Saturday, July 14, 2007

What if an individual discerns new truth, but the gathered community rejects it?


[The Trial of Anne Hutchinson]

This problem has been faced many times in our denominational history. Two of the better-known precedents are the Antinomian Controversy involving Anne Hutchinson in the 1630's and the Lord's Supper Controversy involving Ralph Waldo Emerson in the 1830's.

9 Comments:

At July 14, 2007 at 11:44:00 PM EDT, Blogger fausto said...

(Robin, this is the thread you requested. Have at it, but keep it hypothetical, please. On my blog it's about how we handle, or ought to handle, personal discernment in general; not how we handled, or ought to have handled, your own personal discernments in particular.)

 
At July 15, 2007 at 10:29:00 AM EDT, Blogger Robin Edgar said...

That's funny Fausto. You seem to have no qualms about openly discussing ancient U*U history. Why is it that you are so reluctant to freely and openly discuss more recent U*U history? Why do we have to discuss this issue in purely hypothetical terms when there are plenty of actual examples that clearly illustrate what happens if an individual discerns new truth, but the gathered community rejects it?

 
At July 15, 2007 at 12:15:00 PM EDT, Blogger fausto said...

Well, we UUs love to describe ourselves as heirs to a "living tradition". If that is indeed true, how we have traditionally resolved this thorny problem in the past has value as guiding precedent when it arises again in the present.

Are you saying in this case that we need not always worry about describing ourselves truthfully? Your comments elsewhere seem to fall firmly on the opposite side of that particular proposition.

IMHO, both Anne Hutchinson's assertion that those who are filled with the Holy Spirit need not be bound by the laws, obligations or expectations of the religious community or society at large, and the chilly reception that the political and religious communities of her time gave to her "revelation", is rich with lessons for UUs in their collective pursuit of personal truths through covenanted relationships today. And Emerson's example of both witnessing to a personally discerned truth, and accepting the consequences of its incompatiblity with the truths more widely recognized by his congregation, remains an outstanding model of how to reconcile the conflict while preserving religious integrity.

 
At July 15, 2007 at 1:39:00 PM EDT, Blogger Robin Edgar said...

You are talking past teh questions I posed Fausto. Why is it that you are prepared to discuss ancient U*U history, but are not prepared to freely and openly discuss much more recent U*U history. Why must we speakn only in hypothetical terms rather than deal head-on with the obvious failure, if not outright refusal. . . of the current U*U religious community to respond in responsibility to the Spirit that bloweth where is listeth.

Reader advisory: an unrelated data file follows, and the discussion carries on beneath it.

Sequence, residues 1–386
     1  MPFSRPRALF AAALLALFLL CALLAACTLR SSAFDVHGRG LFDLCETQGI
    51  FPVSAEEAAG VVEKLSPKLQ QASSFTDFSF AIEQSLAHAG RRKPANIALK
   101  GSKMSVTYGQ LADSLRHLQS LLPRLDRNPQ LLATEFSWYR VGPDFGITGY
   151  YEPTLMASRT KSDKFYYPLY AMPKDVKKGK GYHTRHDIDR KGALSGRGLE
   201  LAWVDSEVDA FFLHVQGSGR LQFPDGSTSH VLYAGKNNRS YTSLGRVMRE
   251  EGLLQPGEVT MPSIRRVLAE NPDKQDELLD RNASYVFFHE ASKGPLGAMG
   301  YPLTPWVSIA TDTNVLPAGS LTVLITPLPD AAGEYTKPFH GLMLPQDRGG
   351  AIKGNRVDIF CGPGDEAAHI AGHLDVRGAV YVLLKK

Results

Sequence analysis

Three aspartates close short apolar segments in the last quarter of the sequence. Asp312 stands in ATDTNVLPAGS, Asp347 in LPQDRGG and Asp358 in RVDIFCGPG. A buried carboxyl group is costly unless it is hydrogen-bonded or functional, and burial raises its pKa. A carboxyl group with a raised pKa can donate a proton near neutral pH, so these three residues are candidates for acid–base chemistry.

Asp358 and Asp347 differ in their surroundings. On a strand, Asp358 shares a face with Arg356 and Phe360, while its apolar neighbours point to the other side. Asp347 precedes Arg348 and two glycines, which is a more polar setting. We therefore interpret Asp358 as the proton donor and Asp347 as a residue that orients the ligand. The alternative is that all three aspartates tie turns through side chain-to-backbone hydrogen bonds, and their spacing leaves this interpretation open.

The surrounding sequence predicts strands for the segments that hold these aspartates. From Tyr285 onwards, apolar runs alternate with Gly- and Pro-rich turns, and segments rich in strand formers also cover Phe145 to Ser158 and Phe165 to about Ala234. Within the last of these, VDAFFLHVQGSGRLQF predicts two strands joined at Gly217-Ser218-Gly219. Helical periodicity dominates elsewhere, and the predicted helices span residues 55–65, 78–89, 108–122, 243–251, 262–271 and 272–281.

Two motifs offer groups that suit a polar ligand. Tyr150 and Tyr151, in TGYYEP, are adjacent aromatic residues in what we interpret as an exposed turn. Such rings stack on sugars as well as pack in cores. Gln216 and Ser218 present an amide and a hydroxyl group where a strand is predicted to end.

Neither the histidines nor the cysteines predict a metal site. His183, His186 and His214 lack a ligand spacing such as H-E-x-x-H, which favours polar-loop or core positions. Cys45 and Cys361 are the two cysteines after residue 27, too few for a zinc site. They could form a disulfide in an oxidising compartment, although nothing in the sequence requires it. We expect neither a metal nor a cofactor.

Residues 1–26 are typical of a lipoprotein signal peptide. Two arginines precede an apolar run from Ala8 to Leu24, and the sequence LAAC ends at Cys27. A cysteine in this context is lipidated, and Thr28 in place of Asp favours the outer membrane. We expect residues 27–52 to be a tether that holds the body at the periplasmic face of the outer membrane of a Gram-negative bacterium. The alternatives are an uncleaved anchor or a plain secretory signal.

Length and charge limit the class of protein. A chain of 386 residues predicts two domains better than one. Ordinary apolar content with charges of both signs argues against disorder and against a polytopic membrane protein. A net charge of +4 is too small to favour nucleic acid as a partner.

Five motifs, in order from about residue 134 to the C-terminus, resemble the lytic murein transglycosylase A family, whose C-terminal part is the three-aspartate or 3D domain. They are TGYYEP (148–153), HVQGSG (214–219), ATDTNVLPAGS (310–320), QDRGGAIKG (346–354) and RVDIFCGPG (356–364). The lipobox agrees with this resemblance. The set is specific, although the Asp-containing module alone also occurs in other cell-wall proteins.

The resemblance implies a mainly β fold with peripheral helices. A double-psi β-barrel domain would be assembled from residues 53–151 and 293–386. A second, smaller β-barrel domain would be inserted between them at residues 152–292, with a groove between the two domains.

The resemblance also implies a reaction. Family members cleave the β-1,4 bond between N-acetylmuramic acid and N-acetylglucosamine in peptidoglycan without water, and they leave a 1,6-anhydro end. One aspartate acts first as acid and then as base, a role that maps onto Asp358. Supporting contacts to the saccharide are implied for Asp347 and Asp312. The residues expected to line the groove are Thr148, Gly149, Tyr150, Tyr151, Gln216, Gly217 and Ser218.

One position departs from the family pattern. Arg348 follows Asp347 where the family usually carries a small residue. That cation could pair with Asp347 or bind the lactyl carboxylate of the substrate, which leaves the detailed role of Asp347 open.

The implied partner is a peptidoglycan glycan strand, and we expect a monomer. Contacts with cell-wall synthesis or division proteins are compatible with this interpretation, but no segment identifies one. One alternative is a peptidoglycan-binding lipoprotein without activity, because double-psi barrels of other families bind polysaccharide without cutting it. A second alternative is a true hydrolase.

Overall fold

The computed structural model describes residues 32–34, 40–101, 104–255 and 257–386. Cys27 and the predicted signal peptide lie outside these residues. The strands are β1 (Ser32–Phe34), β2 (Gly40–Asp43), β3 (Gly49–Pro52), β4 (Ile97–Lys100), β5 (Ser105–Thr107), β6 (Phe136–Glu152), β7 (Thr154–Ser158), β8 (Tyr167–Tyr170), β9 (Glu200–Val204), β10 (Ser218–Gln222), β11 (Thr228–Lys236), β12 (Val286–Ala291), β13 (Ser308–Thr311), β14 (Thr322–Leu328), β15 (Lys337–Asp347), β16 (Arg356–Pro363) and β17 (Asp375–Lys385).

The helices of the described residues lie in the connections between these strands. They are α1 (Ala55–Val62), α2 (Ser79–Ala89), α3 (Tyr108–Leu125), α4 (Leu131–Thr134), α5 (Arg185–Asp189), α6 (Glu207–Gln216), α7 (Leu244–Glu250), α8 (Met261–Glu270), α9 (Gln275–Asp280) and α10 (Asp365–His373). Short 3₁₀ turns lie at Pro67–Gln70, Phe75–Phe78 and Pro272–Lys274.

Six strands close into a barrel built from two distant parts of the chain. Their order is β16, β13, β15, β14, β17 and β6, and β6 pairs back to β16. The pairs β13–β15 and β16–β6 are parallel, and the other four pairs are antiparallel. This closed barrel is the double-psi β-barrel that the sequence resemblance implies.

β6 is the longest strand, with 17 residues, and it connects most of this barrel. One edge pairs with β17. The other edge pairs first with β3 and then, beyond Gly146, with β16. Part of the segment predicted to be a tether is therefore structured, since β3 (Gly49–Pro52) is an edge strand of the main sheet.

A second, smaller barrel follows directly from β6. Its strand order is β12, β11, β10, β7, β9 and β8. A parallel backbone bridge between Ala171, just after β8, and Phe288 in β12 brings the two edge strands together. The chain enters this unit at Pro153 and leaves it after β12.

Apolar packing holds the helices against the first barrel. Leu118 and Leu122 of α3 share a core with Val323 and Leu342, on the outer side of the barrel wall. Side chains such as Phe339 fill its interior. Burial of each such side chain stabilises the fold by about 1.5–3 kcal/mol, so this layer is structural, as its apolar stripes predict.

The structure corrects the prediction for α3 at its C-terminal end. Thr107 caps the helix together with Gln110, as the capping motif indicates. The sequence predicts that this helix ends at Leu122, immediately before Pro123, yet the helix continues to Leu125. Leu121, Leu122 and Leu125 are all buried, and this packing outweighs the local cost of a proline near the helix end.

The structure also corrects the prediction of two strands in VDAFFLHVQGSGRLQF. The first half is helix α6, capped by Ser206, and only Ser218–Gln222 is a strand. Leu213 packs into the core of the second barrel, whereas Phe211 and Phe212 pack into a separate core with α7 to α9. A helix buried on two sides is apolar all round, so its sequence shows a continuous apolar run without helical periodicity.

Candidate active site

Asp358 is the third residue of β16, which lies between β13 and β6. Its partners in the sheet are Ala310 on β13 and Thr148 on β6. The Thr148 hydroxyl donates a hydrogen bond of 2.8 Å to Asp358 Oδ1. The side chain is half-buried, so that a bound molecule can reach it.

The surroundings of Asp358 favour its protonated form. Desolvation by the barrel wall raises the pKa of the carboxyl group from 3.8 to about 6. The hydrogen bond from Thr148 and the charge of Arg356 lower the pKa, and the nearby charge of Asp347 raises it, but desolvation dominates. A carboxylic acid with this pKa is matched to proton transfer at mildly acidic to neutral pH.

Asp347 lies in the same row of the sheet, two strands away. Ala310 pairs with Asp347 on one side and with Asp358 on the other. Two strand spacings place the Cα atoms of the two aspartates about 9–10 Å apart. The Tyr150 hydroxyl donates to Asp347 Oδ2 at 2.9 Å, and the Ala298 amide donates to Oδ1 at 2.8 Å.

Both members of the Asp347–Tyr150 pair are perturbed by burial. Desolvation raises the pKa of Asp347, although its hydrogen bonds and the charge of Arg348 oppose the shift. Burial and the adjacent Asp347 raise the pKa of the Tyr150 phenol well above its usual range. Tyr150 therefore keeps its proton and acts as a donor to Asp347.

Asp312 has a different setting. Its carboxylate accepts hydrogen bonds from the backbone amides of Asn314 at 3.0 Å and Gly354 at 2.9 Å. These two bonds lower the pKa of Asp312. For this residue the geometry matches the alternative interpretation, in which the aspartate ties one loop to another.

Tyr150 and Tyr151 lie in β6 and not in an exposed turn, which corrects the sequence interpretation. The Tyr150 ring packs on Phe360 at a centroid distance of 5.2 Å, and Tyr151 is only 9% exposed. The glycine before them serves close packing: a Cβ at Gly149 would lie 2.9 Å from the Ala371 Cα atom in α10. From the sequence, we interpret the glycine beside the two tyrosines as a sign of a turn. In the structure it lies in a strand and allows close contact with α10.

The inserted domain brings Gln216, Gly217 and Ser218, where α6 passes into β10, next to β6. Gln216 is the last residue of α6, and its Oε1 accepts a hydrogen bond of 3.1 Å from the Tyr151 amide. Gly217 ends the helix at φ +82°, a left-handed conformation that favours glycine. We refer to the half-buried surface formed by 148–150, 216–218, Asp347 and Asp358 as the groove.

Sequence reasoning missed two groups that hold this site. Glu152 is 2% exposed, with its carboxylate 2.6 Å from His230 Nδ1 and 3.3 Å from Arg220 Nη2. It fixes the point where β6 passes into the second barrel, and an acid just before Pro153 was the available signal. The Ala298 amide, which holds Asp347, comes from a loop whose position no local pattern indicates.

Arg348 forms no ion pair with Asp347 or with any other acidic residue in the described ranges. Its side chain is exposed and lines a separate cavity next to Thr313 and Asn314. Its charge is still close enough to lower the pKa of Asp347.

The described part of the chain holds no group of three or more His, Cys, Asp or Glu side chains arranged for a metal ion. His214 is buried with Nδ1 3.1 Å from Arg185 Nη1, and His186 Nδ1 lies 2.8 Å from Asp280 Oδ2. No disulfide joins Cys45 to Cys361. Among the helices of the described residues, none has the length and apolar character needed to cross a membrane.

:Well, we UUs love to describe ourselves as heirs to a "living tradition". If that is indeed true, how we have traditionally resolved this thorny problem in the past has value as guiding precedent when it arises again in the present.

Of cours; however, as a "living tradition" surely U*Us can come up with new and evolved ways of resolving this thorny problem. . . BTW Speaking of thorny problems you might want to look up the meaning of the name of a certain unmentionable U*U minister. What the heck. Let me spare you the trouble. It is Blackthorn.

:Are you saying in this case that we need not always worry about describing ourselves truthfully?

Absolutely not. Where in what I wrote do you get that idea?

:Your comments elsewhere seem to fall firmly on the opposite side of that particular proposition.

Indeed they do.

:IMHO, both Anne Hutchinson's assertion that those who are filled with the Holy Spirit need not be bound by the laws, obligations or expectations of the religious community or society at large, and the chilly reception that the political and religious communities of her time gave to her "revelation", is rich with lessons for UUs in their collective pursuit of personal truths through covenanted relationships today.

That may be so but any relgious community that claims to be open to revelation and prophecy should not give a "chilly reception" (dare I say a corpse-cold reception?) to those people who claim to have actually received a bona fide revelation of God of some kind.

:And Emerson's example of both witnessing to a personally discerned truth, and accepting the consequences of its incompatiblity with the truths more widely recognized by his congregation, remains an outstanding model of how to reconcile the conflict while preserving religious integrity.

Where is the "religious integrity" in a "religious" community that claims to be open to revelation and prophecy in its "religious" propaganda not only willfully ignoring such claims, refsuing to investigate such claims, and even allowing its members including some of its clergy to respond to claims of revelation and prophecy with intolerance, bigotry and outright hostility and abusiveness Fausto?

 
At July 15, 2007 at 2:19:00 PM EDT, Blogger fausto said...

Why is it that you are prepared to discuss ancient U*U history, but are not prepared to freely and openly discuss much more recent U*U history.

Because you've already discussed your personal circumstances so many times elsewhere, and you have your own blog where you can do so again whenever you want, so there's no immediate need to tread over that old ground once more here and now.